Less was More and other Follow-ups « Arthur Morris/BIRDS AS ART

Less was More and other Follow-ups

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This small-in-the-frame Common Nighthawk image was created at Indian Lake Estates with the with the Canon EF 600mm f/4L IS II USM lens, the Canon 2x EF Extender III (Teleconverter), and the Canon EOS 5D Mark III. ISO 800. Evaluative metering +2/3 stop: 1/160 sec. at f/9 in Av Mode.

Central sensor Expand (by necessity)/AI Servo/Rear Focus on the bird’s eye and re-compose. Click here if you missed the Rear Focus Tutorial. Click on the image to see a larger version.

This, the small in the frame version, was my favorite by a mile.

Can Less Be More?

On July 11, while I was in the Galapagos, “Can Less Be More?” was published. I asked, “Which image do you like best? I made the small-in-the-frame image before I approached more closely to create the image that opened that blog post. Please leave a comment and let us know which of the two images you like best. And why?

About 15 folks responded. Six liked the large in the frame image. Two liked the small in the frame image. The rest liked them both. Here is my take:

While the larger in the frame image would be best for a field guide, there is no doubt in my mind that the small in the frame image is much more pleasing to the eye, and thus, a much more successful photograph. And besides, I like it best by far.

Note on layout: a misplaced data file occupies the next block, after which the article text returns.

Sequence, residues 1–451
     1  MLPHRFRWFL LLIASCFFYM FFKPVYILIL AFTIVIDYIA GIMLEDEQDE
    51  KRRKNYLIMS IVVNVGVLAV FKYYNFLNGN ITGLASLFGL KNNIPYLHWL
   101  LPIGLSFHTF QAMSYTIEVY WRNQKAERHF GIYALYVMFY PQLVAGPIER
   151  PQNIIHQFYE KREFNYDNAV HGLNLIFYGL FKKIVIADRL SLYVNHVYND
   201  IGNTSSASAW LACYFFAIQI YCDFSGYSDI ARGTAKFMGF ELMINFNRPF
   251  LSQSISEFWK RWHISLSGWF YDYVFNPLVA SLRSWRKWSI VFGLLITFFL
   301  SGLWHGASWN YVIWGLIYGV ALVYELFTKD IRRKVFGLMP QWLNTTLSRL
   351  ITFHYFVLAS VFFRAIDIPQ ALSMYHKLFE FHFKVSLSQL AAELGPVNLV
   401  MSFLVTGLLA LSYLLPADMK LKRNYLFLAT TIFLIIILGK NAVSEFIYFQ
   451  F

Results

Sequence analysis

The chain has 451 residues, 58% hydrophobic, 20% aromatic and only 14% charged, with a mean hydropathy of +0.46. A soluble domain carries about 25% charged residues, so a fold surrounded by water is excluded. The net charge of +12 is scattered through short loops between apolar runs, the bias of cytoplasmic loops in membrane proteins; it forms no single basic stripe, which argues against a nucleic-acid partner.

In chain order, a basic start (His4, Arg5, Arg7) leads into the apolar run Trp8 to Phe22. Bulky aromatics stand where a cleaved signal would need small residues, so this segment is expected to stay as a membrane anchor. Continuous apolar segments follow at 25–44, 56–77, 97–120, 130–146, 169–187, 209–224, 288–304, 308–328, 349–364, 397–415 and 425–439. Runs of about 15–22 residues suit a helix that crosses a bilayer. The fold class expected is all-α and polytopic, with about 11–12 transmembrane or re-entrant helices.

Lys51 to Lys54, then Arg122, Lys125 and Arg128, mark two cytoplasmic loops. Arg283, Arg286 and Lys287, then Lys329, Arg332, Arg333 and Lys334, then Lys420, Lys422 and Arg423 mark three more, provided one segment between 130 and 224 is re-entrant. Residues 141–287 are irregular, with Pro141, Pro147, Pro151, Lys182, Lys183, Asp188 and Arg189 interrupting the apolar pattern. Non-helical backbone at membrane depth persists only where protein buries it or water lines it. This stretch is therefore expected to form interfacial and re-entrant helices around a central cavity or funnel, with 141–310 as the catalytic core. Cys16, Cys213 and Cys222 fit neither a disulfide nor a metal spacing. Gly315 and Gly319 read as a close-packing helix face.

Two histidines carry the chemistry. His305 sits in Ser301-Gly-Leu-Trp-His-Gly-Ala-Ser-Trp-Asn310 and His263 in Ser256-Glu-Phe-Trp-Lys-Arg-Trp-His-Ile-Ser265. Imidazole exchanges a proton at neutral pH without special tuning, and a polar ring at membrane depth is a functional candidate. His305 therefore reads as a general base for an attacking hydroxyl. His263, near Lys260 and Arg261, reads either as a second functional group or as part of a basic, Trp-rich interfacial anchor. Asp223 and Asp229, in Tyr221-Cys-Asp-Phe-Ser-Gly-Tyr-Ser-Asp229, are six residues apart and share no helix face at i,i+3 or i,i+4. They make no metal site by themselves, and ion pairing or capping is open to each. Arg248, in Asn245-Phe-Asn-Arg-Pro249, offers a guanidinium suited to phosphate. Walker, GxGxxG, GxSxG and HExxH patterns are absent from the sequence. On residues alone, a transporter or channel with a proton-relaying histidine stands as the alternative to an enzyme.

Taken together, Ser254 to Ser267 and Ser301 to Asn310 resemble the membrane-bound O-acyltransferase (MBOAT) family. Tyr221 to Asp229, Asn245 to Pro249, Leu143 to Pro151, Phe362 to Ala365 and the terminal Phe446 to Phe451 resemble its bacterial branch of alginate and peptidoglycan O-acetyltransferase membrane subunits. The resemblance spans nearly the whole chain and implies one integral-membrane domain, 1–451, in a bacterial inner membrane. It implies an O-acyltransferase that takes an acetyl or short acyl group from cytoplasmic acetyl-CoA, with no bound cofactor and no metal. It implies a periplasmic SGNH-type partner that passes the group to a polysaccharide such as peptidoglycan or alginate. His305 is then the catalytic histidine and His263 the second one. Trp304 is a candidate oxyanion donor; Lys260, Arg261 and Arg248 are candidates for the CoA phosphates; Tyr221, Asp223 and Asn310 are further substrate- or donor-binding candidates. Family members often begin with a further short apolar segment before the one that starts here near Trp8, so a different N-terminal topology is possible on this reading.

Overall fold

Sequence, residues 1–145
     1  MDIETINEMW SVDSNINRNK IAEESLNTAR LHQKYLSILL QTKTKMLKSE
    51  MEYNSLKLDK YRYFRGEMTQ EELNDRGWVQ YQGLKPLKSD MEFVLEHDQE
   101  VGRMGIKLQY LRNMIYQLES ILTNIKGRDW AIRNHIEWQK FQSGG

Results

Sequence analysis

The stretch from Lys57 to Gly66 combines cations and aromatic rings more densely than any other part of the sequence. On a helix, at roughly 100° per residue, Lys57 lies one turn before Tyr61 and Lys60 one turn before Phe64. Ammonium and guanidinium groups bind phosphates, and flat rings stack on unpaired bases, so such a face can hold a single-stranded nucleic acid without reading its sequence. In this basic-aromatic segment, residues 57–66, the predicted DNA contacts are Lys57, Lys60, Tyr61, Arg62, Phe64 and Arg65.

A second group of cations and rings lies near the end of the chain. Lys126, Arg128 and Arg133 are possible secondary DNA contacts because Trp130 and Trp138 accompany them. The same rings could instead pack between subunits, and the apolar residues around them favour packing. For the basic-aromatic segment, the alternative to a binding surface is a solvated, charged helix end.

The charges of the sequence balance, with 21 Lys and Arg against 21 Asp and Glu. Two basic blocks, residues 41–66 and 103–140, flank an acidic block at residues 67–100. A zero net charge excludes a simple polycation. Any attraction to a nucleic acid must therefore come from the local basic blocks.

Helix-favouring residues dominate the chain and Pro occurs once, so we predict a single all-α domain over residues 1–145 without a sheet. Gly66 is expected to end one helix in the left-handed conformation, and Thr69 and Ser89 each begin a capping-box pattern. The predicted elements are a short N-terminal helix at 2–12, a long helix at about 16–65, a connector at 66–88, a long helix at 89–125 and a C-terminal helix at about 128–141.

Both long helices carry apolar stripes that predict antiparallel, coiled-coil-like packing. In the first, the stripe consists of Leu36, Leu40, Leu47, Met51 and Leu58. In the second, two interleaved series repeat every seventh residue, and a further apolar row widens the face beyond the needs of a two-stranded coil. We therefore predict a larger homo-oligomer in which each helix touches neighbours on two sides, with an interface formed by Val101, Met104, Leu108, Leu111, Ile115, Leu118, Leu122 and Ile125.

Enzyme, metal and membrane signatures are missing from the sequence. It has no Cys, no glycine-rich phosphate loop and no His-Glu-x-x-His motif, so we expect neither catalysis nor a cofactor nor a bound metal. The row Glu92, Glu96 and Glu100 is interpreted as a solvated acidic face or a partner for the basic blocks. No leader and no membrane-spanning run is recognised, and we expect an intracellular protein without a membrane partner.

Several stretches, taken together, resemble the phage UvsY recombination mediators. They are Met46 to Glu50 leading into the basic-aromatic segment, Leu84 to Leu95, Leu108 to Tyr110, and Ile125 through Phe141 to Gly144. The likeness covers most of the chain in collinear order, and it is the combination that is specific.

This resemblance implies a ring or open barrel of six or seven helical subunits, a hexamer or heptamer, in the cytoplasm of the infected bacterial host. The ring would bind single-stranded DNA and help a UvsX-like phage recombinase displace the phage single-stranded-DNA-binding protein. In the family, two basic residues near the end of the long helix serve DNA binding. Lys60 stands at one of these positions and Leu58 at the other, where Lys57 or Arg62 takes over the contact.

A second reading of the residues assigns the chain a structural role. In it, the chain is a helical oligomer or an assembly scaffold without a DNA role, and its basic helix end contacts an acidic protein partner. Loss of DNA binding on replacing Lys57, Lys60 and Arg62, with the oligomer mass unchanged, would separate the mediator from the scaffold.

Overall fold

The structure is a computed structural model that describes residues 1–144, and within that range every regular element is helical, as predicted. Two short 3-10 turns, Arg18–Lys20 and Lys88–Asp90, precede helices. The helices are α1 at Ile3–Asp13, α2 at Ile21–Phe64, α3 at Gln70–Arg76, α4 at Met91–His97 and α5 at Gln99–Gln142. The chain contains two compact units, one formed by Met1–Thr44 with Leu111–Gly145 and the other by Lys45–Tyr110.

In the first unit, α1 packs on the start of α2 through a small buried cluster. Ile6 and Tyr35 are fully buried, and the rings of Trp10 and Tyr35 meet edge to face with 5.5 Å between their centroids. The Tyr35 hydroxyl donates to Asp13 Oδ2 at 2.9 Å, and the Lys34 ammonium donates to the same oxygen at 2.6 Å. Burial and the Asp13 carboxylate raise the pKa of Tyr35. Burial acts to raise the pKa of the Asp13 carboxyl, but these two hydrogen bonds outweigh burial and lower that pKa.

Jack Breakfast summed it up quite well when he wrote, “To me, the second image is vastly superior, at least from an artistic standpoint. The second image elicits, is evocative, and has some spark to it. The first image is a well-executed picture of a bird. I’ll go with door #2 any day of the week. Well done, Commander Morris.”

Brooke was also in my camp on this one when she wrote: “I definitely like the second photo (small in-the-frame) best. The bird’s head is at a good angle, and the two epiphytes really add to the scene without distracting from the bird. My personal preference is to have a part of the bird’s environment in the photo without it being distracting.”

When I first began photographing birds my great desire was to create “full frame” images. I quickly learned that stuffing the bird in the frame with the bill tip against one frame edge and the tail tip against the other frame edge is not the way to go. Birds need room in the frame. They need to be able to see into their worlds, to have a place to go. That is why we place the birds back in the frame when working in horizontal format. In The Art of Bird Photography II I suggest that the longest dimension of the bird should never take up more than 3/4 of the frame.